POLICY (Data & Management)
The State Department of Education should develop and annually update a statewide facility inventory of all public schools in the State (including Charter Schools) that includes basic building data and information, the condition of the facility, and expenditures for significant capital improvements.
Very few states have developed a statewide inventory of public school facilities. The states that do have this information ultimately have a much better understanding of the school buildings and sites utilized by their school districts. In some instances, the information and data are used when requests are submitted for state funding. It also helps states respond to inquiries from private citizens and the media. The facility inventory in some states is accessible on-line, although the type and depth of information varies among states. Updating the information is an ongoing task and, in some states, it is the responsibility of the school district to enter the data annually. Information pertaining to the condition of the facility as well as previous expenditures can provide valuable information as decisions are being made for future projects at the school.
A statewide database is not useful unless the data elements, the collection methodology, the accuracy, and the timeliness of the information are maintained. In order for the information to be consistent, it needs centralized direction, training for data entry, and funding to maintain the system. States can collect the data themselves, hire contractors to collect it, or utilize staff at local school district levels. The latter may be the cost effective approach, and relies on those who have the most internal knowledge of the facilities. However, using local districts does require that the state provide training and funding, when necessary, so that the information reported is consistent from area to area and so that local districts are not burdened by data collection requirements.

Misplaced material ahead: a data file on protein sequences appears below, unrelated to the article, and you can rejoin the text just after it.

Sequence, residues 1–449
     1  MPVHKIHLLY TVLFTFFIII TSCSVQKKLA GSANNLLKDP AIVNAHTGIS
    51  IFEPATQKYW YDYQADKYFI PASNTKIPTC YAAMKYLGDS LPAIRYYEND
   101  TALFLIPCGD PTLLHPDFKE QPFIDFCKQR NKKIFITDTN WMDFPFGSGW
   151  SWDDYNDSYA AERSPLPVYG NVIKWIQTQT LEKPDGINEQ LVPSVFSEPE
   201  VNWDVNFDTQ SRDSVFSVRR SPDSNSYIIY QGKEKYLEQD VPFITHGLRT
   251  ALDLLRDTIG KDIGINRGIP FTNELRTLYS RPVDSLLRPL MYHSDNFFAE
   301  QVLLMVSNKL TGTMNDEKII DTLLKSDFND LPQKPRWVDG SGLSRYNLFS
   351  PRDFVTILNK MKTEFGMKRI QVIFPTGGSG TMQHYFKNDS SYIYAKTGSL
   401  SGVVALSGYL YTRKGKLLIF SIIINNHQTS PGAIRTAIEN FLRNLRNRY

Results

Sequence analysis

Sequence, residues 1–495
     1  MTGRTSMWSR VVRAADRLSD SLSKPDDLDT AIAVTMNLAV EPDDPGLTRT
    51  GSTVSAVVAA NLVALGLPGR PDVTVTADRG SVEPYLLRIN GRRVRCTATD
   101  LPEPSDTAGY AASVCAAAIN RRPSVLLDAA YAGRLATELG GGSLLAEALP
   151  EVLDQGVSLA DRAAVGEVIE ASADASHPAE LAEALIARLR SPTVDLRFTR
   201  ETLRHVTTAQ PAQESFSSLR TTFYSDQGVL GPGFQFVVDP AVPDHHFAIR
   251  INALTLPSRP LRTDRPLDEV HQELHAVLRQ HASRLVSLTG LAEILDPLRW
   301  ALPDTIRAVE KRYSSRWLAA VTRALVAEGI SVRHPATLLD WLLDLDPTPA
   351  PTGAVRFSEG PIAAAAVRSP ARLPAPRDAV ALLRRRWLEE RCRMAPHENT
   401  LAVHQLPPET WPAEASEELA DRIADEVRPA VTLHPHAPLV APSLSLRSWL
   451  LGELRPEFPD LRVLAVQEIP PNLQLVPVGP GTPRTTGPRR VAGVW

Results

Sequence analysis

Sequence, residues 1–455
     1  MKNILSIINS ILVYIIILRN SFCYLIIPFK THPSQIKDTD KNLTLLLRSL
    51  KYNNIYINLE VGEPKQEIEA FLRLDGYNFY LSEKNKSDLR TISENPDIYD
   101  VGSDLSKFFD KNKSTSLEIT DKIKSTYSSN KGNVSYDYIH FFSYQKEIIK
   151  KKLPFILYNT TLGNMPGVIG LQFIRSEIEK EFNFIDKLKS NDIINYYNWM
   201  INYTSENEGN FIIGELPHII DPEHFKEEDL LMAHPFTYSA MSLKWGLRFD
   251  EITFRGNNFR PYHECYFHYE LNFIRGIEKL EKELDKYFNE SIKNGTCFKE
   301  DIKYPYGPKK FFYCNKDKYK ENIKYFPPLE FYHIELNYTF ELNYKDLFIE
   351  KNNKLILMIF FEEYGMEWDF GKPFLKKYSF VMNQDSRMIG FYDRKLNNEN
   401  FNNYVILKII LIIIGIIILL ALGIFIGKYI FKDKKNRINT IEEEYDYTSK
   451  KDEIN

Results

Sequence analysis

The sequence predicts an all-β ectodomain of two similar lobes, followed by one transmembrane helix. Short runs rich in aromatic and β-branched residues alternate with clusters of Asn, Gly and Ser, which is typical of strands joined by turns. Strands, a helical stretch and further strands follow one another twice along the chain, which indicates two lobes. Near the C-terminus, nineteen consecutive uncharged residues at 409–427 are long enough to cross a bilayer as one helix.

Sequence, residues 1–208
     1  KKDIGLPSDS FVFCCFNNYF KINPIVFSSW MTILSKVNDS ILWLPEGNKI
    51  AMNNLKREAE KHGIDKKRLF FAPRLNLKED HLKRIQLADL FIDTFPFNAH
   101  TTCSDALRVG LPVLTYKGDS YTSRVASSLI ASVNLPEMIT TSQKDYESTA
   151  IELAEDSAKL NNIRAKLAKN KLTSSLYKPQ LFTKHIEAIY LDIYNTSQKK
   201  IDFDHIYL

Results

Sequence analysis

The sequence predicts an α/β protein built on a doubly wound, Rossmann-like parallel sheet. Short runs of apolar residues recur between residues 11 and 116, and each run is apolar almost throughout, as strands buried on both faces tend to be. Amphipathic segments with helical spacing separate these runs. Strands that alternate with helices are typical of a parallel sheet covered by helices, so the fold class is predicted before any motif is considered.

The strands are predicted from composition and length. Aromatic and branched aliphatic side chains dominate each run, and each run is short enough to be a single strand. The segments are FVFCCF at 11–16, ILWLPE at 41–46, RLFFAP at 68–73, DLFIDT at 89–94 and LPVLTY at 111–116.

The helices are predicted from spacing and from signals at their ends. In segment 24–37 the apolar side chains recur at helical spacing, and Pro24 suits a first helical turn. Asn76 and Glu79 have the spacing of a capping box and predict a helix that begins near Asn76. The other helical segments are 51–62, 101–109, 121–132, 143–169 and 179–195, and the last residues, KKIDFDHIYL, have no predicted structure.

Establishing a set of data elements for a survey is a difficult task. It requires consistent collection and processing of data as well as data sufficient to present a true and complete picture of school facility conditions. A minimum number of elements with simple and explicit directions will result in the most reliable data. Attempting to serve too many purposes or too many programs with the same survey may present problems. Testing the forms and procedures with a small sample group is a cost-effective way to avoid problems and pitfalls, debug the system, and make required adjustments.
Standards for consistent and comparable data require a centralized process and a clear definition of terms, particularly as they relates to the condition rating of the building. There is also the need for training, testing, and verification prior to full implementation.
The development of detailed guidelines for completing the facility inventory, including some examples, is recommended. As a means of follow-up, a procedure included in the process for the state to verify the data and information on a periodic basis should be established.
Making information about school facility conditions public has a three-fold purpose. First, it informs parents and children about the condition of structures in their community. Secondly, it provides valuable information to the community about the condition of public assets that are taxpayer supported. And thirdly, it holds public officials accountable for their management and maintenance of the public school facilities.